The Compleat Al is hard to review, because it is a mixture of humor and music videos. It is just over 100 minutes long, including opening and closing credits, and that includes 8 music videos, plus the two other songs. If you like Weird Al Yankovic's music, then this alone makes the DVD worth owning. Most of the jokes in the other sections are great and the ones that fail to reach their mark are over soon enough. The movie doesn't have very good cohesion, as it bounces all over the place without much connective tissue, so to speak. So, if you are looking for a more traditional documentary, you will be probably disappointed. On the other hand, if you are a long time fan, or a new fan interested in some of his earlier work, then this is worth picking up.

The Extras

The only downside is the extras. There are none. The DVD does come with two trailers, so I guess that's better than nothing.


UHF is a more traditional movie, especially compared to The Compleat Al. Weird Al Yankovic stars as George Newman, whom we first meet in a daydream where he thinks he's Indiana Jones. As a result of this daydreaming, he and his friend, Bob, are fired, yet again. This is also the reason he gets into a fight with his girlfriend, Teri. Teri thinks George isn't serious about, well, life and wants him to settle down and get a real job.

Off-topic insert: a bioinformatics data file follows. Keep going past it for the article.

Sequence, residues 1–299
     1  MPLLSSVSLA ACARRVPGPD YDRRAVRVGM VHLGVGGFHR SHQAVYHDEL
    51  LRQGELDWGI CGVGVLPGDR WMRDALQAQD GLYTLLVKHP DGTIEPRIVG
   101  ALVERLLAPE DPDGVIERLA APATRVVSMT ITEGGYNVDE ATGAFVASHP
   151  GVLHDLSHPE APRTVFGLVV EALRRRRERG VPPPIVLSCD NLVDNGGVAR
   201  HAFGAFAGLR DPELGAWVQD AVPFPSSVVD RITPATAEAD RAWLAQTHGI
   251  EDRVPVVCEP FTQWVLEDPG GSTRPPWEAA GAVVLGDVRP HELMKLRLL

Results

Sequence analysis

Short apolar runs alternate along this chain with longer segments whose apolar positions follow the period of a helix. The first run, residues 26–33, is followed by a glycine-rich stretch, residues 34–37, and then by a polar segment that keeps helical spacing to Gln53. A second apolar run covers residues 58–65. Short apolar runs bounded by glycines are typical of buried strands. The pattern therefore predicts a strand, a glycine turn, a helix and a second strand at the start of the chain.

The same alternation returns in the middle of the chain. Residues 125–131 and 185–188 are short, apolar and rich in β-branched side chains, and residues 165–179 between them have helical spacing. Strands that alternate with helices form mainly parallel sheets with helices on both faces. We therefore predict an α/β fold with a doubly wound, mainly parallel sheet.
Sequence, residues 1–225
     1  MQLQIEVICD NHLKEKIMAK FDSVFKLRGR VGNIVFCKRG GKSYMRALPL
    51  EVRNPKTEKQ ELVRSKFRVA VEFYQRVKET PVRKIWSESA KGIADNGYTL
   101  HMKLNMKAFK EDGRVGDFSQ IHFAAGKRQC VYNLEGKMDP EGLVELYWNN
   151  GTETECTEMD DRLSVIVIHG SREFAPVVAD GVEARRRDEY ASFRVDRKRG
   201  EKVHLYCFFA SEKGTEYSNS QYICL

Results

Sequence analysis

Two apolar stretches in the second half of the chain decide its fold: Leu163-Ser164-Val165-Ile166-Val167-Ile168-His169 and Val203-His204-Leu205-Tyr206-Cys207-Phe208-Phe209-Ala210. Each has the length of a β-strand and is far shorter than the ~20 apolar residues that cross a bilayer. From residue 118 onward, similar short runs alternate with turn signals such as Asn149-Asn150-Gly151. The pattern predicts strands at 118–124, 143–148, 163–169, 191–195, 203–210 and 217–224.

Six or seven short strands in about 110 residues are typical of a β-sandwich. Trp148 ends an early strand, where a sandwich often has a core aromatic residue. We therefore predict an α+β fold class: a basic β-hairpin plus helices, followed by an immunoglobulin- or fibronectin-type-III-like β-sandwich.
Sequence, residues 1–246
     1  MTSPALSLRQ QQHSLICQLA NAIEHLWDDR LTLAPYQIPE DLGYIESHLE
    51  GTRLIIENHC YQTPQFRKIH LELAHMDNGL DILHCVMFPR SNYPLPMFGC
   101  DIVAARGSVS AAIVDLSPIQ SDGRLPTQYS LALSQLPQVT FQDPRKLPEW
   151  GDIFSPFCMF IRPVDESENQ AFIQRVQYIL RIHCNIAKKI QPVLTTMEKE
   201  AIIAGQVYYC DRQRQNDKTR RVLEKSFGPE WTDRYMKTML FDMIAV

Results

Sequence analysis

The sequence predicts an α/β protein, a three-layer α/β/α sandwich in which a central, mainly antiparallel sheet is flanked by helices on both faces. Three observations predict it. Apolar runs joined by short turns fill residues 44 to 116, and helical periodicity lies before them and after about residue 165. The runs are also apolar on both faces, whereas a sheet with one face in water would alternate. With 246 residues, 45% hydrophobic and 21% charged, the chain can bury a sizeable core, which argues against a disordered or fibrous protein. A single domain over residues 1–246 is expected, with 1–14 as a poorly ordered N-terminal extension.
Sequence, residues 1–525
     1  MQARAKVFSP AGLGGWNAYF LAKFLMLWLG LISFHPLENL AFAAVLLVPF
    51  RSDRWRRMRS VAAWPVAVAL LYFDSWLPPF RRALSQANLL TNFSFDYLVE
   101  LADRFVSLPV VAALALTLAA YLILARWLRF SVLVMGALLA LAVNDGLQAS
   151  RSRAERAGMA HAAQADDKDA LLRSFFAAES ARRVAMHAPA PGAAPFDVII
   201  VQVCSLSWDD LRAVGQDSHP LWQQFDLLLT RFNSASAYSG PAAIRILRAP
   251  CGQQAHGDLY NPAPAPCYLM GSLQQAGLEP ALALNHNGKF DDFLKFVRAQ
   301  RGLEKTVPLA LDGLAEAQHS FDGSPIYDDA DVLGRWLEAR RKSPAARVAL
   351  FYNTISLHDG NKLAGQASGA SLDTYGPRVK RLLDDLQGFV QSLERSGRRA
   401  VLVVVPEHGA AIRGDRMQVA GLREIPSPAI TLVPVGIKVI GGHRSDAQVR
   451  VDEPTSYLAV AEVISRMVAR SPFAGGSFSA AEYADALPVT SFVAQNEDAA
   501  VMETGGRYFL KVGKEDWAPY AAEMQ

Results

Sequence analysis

George does get a break when he visits his Aunt and Uncle. His uncle Harvey just won a UHF station, UHF 62, in a poker game and while he was going to dump it, Aunt Esther convinces him to let George run it. When George and Teri check it out, at night, which is when they meet Philo, the TV station's technician. The next day, George and Bob head to the station and meet the secretary, Pamela Finklestein, who is actually an aspiring news reporter. Later, a package arrives at the station, a package that was supposed to go to R.J. Fletcher, the owner of the Channel 8, the network affiliate. George decides to return the package personally, as a chance to get to know the competition. That turns out to be a mistake, as R.J. is a nasty individual. We see him fire Stanley Spadowski, the janitor, for a mistake he made himself. He also threatens to have George arrested for stealing his mail, even though George was returning it as a favor.

As George is hastily leaving Channel 8, he sees Stanley being kicked out of the building and George offers him a job. This turns out to be a very wise decision, because despite George's attempts, UHF 62 is going under. It isn't until George offhandedly gives Stanley the hosting duties of a kids show that the network begins to find an audience. In fact, Stanley's Clubhouse becomes such a huge hit that UHF 62 beats Channel 8 in the ratings. This gives George a lot more money to try new shows, but it also means R.J. Fletcher will stop at nothing to get rid of them.